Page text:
Thursday, July 17, 2008

I think I'm a little bit in love...

I can't deny it anymore.

I keep looking at this photo...and my heart just goes pitter pat.

update: It's not love. It's pure, unadulterated lust.

30 comments:

The Duck said...

That is completely understandable, & I'm sure Mike would understand.
;-)

mattcaron said...

I've got one. Threw and extended mag release and Choate pistol grip stock. Link to an article w/ pictures

New Jovian Thunderbolt said...

Why do you have to get one of those newfangled jobs? What's wrond with a Model 62, or some other Browning design?

Kids today.

Breda said...

it's so pretty...*swoon*

TD said...

Pretty and designed by JMB himself.

redneckinny said...

Oooh...purty. What caliber, make and model?

falnfenix said...

yes, the black laminate is pretty, but did you see the BLUE??

WeisenHeimer Brainstorm said...

I like this one http://cz-usa.com/product_detail.php?id=7

Bob said...

I favor this sweet old design, myself. It's a single-shot, so you learn real rifle discipline. And look at the old-world grace of it.

kaveman said...

I gots one of those, bought it about 15 years ago. She no worky though, it's the last gun I need to take to the gunsmith.

zeeke42 said...

Go for it. Put some tech-sights (www.tech-sights.com) and a sling on it and go to an appleseed shoot to learn how to shoot it. (www.appleseedinfo.org) Women shoot free for the rest of 2008.

Steve Skubinna said...

Got one with in stainless, long barrel, with a walnut stock. Put in a Volqartson trigger group, stuck a Simmons scope on top and a Harris bipod and it's a terrific little tack driver.

And I make up for all the money I sunk into what was originally a $200 rifle by shooting all day long with ammo that costs about ten bucks for a box of 500.

You won't go wrong with a 10/22. And, it's a good gun to teach kids marksmanship with.

Brad said...

Just bought one a few months ago for the purpose of teaching my daughter and nephew how to shoot (they both recently turned 9).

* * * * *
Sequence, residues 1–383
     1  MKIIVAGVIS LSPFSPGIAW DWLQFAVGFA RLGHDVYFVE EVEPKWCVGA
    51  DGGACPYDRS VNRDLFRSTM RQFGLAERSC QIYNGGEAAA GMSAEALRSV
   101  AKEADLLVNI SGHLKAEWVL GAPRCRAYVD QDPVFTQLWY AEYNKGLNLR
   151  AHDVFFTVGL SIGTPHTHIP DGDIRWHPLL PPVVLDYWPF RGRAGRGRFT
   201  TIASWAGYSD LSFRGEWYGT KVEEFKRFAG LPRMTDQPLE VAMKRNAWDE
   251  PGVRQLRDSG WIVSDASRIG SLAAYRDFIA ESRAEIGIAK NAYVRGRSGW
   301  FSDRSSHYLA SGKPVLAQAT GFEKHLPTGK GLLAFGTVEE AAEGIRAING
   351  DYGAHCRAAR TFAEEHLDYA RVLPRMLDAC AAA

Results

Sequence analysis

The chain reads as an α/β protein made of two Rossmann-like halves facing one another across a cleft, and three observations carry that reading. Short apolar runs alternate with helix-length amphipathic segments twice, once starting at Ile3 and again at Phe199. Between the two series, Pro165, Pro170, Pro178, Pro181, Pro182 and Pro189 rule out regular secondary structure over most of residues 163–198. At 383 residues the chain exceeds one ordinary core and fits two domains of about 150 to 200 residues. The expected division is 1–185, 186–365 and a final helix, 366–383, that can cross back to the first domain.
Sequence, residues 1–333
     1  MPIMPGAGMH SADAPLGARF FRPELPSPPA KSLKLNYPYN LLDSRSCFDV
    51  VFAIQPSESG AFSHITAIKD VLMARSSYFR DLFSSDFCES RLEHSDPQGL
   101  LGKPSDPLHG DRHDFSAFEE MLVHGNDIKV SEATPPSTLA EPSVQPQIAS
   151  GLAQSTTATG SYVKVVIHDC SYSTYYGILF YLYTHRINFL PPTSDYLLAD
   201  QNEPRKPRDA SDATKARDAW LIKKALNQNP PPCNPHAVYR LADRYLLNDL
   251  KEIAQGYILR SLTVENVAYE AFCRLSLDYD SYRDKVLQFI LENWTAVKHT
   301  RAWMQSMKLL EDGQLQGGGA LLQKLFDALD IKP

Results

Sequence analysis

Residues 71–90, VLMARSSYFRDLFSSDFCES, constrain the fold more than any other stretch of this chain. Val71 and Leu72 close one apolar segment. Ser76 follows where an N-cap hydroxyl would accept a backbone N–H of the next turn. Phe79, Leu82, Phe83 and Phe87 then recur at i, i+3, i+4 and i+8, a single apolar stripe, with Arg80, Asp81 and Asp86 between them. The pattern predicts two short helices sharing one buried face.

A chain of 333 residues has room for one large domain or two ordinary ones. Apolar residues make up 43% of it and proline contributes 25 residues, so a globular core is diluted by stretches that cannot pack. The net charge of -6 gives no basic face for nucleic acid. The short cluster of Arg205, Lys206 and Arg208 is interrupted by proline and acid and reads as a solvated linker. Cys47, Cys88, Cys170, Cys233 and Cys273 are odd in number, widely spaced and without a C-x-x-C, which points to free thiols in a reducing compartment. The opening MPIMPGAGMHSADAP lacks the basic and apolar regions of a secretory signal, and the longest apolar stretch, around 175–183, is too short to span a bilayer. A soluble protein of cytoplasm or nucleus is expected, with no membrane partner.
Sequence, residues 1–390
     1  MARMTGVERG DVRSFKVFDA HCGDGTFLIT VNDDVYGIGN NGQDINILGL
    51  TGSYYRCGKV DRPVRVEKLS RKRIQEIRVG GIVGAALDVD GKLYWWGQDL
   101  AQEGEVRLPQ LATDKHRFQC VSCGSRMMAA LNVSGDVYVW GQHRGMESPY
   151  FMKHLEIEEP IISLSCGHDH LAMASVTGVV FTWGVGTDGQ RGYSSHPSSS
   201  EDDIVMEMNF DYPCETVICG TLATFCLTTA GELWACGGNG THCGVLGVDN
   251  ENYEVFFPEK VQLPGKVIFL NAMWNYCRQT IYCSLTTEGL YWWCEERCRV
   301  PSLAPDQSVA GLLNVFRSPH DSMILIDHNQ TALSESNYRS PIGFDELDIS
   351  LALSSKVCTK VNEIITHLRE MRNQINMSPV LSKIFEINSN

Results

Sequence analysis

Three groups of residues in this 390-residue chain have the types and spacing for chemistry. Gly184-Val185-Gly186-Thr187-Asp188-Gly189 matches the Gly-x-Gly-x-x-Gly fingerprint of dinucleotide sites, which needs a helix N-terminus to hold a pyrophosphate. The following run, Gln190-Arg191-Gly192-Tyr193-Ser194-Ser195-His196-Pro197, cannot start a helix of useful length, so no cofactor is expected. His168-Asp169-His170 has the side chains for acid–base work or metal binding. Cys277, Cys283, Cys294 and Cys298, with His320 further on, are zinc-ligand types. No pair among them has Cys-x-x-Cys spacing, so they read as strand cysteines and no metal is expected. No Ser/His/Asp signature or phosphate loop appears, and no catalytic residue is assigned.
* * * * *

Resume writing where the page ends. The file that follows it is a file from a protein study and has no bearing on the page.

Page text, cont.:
Be prepared to spend a few additional bucks at Volquartsen Custom if you take the plunge. The first two times I took it out, it failed to eject about every 4th to 6th round. I read up a bit and purchased a new ejector from Volquartsen (along with the extended mag release, improved bolt catch and rubberized bolt stop).

The next range trip was much more fun, no more jams, although I was a bit bummed I had to spend another $50 on a brand new rifle to get it to work properly.

Then I took the kids out to shoot a gun for the first time in their lives. The smiles on their faces made the additional cash and hassle well worth it. My daughter's paper plate with her autograph and 10 holes in it is still proudly hanging from my fridge.

Robert said...

My Dad bought me one back in '67 or so, last century. I've added a Hogue overmolded stock, Volquartzen trigger parts, Titan match barrel and a BSA Platinum scope. Pretty fun gun at this point.

Don T. said...

I'm with brad on replacing the OEM steel bolt stop right away. The Volquartsen Recoil Buffers are selling for about $11.00 now. They're easy to replace at home, and keep the steel pin from wrecking the aluminum receiver as the bolt cycles. I bought mine in 1998 and haven't had to replace it yet!

redneckinny- It's a Ruger 10/22. I presume .22 rimfire, but it comes in .22 WMR, and .17 HMR too.

Robert said...

Bread is going to have to learn the difference between gun love and gun lust. Gun love gets you a K31. Gun lust gets you 5 K31s, 4 Garands, assorted 22s, a box full of pistols, et, et.